“I don’t understand it,” I heard a ninth-grader whisper to one of his bespectacled friends. “Isn’t Tristan supposed to be besotted with Chantel? Why does he act like he barely sees her?”

“Maybe, he has a girlfriend back in Johannesburg?” his friend said to him. “Maybe he finds her dull or hideous compared to Chantel and is trying to figure out the kindest way to dump her?”

I was impressed. I thought the eighth and ninth-graders were totally oblivious. Then again, no one could be oblivious when it came to Chantel De Carvalho. She was beautiful, generous, and ever so interesting. They couldn’t help but love her. However, everyone’s worries about Chantel and Tristan’s relationship proved to be groundless.

“That bitch,” Chantel said as she flung her copy of The Great Gatsby at Aaron’s face. “That horrible, heartless bitch.”

“Chill,” Aaron said, trying to laugh. “Did the vice-principal give you another one of her lectures about your crooked parking? If so calling her a bitch would be a little strong.”

“It’s not her,” Chantel said, rolling her eyes. “It’s that stupid Elizabeth Burnham. She tried to tell Mr. McCarthy that he ought to separate the two of us. The nerve.”

“And?” I asked. “What did he say?”

“He obviously he said what every school principal would say. He told her that there are rules about the type of physical conduct and hooking up on campus is against the rules,” she said. “But he also told her that we are legal adults and there is nothing he can do to stop our relationship.”

Cassandra’s face lit up.

“But Chantel that’s great,” she said. “There is no way that she can keep you apart. Maybe in time she’d realize how wrong she is and everything will be alright again.”

“No,” Chantel said. “Nothing will be alright again. She’s moving back to Johannesburg and she’s taking Tristan back with her. She wants him to finish the school year there instead.”

As she said those words, her eyes could no longer hold back and angry tears sprung from them.

“Is Tristan leaving?” Natalie asked as she got up to hug Chantel. “He wouldn’t leave you, Chantel, he loves you too much.”

“No, I wouldn’t,” a deep voice came behind us. Tristan walked over to us with his dark blue cloak hanging down his shoulders. His eyes were bloodshot.

“Are you okay?” Aaron asked Tristan. He merely nodded before turning to Chantel and looking into the depths of her eyes.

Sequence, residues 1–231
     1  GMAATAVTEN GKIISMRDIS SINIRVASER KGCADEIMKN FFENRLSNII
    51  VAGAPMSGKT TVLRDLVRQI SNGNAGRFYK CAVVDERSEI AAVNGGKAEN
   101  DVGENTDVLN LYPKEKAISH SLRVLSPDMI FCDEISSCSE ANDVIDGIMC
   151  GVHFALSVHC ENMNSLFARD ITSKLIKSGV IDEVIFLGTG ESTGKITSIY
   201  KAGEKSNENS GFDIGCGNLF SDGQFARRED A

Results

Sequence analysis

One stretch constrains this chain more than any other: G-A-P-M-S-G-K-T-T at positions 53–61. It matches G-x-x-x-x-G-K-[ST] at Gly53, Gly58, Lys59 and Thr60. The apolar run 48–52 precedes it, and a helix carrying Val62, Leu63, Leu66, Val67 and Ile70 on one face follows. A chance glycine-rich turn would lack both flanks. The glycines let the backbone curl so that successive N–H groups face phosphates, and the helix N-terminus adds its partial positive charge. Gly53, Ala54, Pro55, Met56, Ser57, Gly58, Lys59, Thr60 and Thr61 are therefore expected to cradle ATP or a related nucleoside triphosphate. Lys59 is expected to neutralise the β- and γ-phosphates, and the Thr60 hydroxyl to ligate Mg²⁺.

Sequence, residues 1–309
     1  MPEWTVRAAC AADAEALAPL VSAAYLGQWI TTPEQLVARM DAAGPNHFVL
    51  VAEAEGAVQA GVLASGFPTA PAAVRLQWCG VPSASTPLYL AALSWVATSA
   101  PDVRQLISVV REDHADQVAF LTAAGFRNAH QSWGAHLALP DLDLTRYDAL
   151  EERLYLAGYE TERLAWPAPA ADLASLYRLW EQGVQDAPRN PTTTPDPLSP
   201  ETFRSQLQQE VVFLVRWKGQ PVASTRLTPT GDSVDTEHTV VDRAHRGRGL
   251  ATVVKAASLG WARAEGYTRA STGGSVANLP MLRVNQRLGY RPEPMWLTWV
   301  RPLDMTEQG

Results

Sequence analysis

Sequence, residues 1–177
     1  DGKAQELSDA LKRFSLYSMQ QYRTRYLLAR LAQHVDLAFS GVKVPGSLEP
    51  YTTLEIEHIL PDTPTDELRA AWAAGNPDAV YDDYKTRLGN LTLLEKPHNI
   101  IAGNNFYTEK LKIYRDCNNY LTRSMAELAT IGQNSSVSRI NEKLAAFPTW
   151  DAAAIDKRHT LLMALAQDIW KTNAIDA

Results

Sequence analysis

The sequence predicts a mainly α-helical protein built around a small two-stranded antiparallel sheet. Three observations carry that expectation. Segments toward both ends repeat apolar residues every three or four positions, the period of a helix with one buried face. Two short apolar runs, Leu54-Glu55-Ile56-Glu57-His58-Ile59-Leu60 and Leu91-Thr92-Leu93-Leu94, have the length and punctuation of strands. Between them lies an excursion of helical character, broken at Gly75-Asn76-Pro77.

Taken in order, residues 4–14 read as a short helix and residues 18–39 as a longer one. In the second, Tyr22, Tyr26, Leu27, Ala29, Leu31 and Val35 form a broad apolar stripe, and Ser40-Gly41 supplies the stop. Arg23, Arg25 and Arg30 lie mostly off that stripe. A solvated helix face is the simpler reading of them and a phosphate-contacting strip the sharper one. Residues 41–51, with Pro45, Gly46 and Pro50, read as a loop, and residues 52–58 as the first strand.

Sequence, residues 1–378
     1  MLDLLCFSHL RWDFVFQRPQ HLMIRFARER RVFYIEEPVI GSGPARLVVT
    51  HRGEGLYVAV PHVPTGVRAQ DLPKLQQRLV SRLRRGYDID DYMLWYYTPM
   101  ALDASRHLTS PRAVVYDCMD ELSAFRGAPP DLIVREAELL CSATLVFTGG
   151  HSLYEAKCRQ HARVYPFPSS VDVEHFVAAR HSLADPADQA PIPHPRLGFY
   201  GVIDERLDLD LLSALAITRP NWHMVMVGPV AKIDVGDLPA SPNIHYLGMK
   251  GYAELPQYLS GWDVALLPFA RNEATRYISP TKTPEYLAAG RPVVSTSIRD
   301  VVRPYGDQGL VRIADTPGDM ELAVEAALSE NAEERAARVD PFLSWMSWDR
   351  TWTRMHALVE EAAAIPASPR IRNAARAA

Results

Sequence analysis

“You’re not?” she whispered, hanging on to him like she thought he would slip away from her that very second.

“I’m not going to leave you Chantel,” he said, taking her hand in his. “I never will.”

“Then what about Elizabeth?” she asked as a smile began to appear on her face. “Are you going to tell her to leave without you?”

“Something of that sort,” he shrugged. “Chantel, remember when you told me that you wanted to leave this place? Remember when you said that you wanted an exit plan from those conflicted emotions?”

“Yes,” she said as I hid a smirk behind a textbook. He didn’t know what conflicting emotions she was so desperate to run away from.

“Would you still want me in your life?” he asked.

“Of course, I do. I love you."

“I love you too, Chantel,” he said. “Meeting you has made my life nothing but easy. Your smiles and your giant heart have made it impossible for me to love anyone else.”

“What about Elizabeth?”

“Fuck Elizabeth,” he answered.

I saw tears stream out of Chantel’s eyes. Yet, they weren’t anything like the furious ones that she shed a few seconds ago. These tears were lit up with a magnificent smile on her face.

“I don’t want to lose you,” he continued. “I never do and if Elizabeth dares to break us apart then I think we’ll say a big fuck you to her face.”

“How are we going to do that?” Chantel asked still grinning. “Are we going to just ring her doorbell at the crack of dawn and point the finger at her?”

“Even better,” Tristan said as he knelt down on the corridor. “I don’t ever want to lose you Chantel. Not even to go to separate colleges or anything. I want to stay with you for the rest of my torrid life.”

“Oh my God,” Cassandra whispered as Tristan pulled out a tiny black box.

“Chantel will you marry me?” he said looking up at her through his curling lashes.

“Of course,” she said before pressing her freshly glossed lips to his. They kissed for quite a while and that was all I could remember for the rest of the day. I dropped my textbook on the hard plastic floor hoping that this was all some messed-up dream. But it wasn’t. This was all too real.